The Sundial by Shirley Jackson; published by the Arion Press

“A library is really a very good place to store things. I had never realized it before.” Thus states Essex while filling the library with things needed for the next world. The books that are removed to make room are burned.

Shirley Jackson’s novel from 1958 is the latest publication of the Arion Press and first release of 2011. Normally when you subscribe to a fine press, you agree to buy all the books the press put out each year in exchange for a discount. One of the side benefits of a subscription is that it tends to push you out of your typical book purchases and reading genres. Such is the case with The Sundial and me, as I was not really aware of Shirley Jackson or her comic fiction classic.

Title Page Spread

So how would you behave if you were convinced (or hopeful) that the end of the world was immanent? This is something that everyone thinks about now and again, whether it is through your faith or because you came of age after Nagasaki and Hiroshima. In this case, the wealthy Hallorans receive a message from beyond that the end of the world was coming but are comforted by being told that they and everyone in their house would be safe. This sends the household into a flurry of activity preparing for the end and imagining how they will live in the new world that only they will see. They stock up on goods they believe they might need and speculate on what the new world will be like.

As one might expect, they do run into another group that also believes the world is ending and who are also preparing for it in a different way. But, of course, this “Society of True Believers” is viewed as a bunch of kooks even though their view of the apocalypse is not so very different from the Hallorans. It is very interesting to see the intrigues and positioning that happens among the household as the novel progresses.

The book itself is beautiful, as I have come to expect from the Arion Press. My one main gripe about the book would be the lack of a slipcase. While I understand that a slipcase, a solander box, a chemise, or other enclosure for the book drives up expense and may also be considered a design feature, I always want something to protect books that will hopefully be sitting on my shelf for another quarter century or more. I’ve seen too many fine editions with sunned spines, dusty top edges, and worse. When I find a 60-year-old book in practically mint condition with a worn slipcase, I’m grateful that it was there to do its job.

On the design side, one small thing jumped out at me right away. The flat spine with inset label is beautiful no doubt; but I couldn’t help wishing for a curved spine, as I just seem to lean more towards that style than a flat or square spine. I realize this is personal preference, of course, not really a criticism. Also, the type didn’t seem to bite into the paper as crisply as I’d like. There were a couple of letters I ran across that were not fully impressed or inked into the page. Maybe this is due to the choice of Fridericus type? It seems to be a somewhat delicate type. Surprisingly, I also ran across one typo. I know they work very hard in their proofreading at the press, with Andrew Hoyem usually reading the whole novel aloud for corrections during the process. That’s the first time I’ve ever noticed this happening.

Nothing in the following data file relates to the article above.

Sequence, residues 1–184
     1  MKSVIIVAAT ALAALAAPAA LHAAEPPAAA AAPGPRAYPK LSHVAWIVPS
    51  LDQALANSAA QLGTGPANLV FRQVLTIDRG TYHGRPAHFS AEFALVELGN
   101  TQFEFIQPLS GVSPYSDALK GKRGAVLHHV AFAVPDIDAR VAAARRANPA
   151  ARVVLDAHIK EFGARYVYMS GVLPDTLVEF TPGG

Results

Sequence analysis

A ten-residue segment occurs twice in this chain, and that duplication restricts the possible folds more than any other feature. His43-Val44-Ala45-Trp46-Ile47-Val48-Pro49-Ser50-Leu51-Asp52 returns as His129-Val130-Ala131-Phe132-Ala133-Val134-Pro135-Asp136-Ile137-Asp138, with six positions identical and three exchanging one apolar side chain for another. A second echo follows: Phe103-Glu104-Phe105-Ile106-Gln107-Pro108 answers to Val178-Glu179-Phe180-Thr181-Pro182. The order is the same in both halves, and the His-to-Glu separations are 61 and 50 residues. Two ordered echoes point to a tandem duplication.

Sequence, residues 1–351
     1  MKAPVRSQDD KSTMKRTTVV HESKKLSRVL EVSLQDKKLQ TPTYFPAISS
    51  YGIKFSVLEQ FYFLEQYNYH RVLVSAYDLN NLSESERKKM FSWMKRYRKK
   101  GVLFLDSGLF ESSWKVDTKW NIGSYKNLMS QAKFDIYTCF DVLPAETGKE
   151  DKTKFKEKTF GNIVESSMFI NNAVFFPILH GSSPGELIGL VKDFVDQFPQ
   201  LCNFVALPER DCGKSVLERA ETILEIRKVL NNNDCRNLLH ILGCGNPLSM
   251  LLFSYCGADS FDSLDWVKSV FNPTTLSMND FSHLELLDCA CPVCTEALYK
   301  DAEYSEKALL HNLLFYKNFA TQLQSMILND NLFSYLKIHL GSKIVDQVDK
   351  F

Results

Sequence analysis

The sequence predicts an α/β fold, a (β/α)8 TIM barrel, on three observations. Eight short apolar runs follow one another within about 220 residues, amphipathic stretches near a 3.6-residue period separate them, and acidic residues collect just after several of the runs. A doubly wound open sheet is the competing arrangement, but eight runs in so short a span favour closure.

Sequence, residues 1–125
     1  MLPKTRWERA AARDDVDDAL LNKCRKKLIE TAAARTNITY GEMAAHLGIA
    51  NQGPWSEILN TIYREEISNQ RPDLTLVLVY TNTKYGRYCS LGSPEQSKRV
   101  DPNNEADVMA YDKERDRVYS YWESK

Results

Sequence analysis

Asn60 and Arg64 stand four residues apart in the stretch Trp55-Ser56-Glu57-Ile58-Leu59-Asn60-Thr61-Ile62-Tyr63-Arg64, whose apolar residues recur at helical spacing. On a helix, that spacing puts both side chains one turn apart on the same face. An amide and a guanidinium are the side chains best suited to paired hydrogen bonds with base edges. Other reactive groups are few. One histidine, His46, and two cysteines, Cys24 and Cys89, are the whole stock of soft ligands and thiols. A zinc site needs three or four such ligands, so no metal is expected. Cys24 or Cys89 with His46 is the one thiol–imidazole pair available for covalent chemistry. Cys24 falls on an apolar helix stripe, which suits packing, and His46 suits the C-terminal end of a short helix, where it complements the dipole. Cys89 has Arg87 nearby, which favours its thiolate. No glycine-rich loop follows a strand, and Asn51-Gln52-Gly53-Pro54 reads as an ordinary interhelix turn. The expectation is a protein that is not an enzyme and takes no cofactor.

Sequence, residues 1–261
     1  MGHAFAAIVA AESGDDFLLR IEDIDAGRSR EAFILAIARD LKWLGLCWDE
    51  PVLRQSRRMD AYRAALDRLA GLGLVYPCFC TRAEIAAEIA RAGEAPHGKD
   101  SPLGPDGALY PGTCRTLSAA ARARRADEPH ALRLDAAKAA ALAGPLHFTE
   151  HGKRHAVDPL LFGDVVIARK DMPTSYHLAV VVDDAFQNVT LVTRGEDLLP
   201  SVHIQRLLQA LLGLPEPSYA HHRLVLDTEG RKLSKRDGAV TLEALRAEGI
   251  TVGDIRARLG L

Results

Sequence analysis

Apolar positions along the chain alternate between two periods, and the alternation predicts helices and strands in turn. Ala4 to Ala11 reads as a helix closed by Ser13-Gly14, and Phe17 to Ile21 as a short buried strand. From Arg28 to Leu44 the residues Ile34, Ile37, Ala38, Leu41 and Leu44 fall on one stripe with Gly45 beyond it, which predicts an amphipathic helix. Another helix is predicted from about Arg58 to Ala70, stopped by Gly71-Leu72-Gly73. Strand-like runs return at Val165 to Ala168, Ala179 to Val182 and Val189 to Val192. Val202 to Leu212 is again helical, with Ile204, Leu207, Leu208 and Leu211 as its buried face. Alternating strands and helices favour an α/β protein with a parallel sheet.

The book is a large octavo, approximately 10” by 6”, and bound in a beautiful orange cloth. The paper is mouldmade Zerkall Book. Diane Johnson provides the introduction. Shirley Jackson’s grandson Miles Hyman created the illustrations. There are fourteen two-page illustrations spread through the book with the quote or passage that inspired the illustration printed on the recto of the first page of each illustration page spread. Quite an elegant touch. The illustrations are printed on McCoy Silk Book paper. More information can obviously be found on the Arion Press website.

All in all, this is another beautifully produced book from the press. I’m always anticipating what upcoming titles they have up their sleeves and find myself checking their website often or trying to wheedle it out of the staff. I like that they mix the classics with the hidden gems and obscure titles.

Colophon

AVAILABILITY: This edition is limited to 300 copies and is available directly from the Arion Press.

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One Response to The Sundial by Shirley Jackson; published by the Arion Press

  1. Neil says:

    It seems to be a practise of Private Presses to produce some books with slipcases and some without. I agree with you and wish they all had slipcases.
    The ‘Sundial’ sounds like an intriguing story and I will probably try and find a version of it.
    The Arion book looks like they always do – wonderful. I especially like the ‘borderless’ double-page colour spreads and I applaud the idea of preceding them with the appropriate phrase from the text.

    Thanks for sharing it with us.

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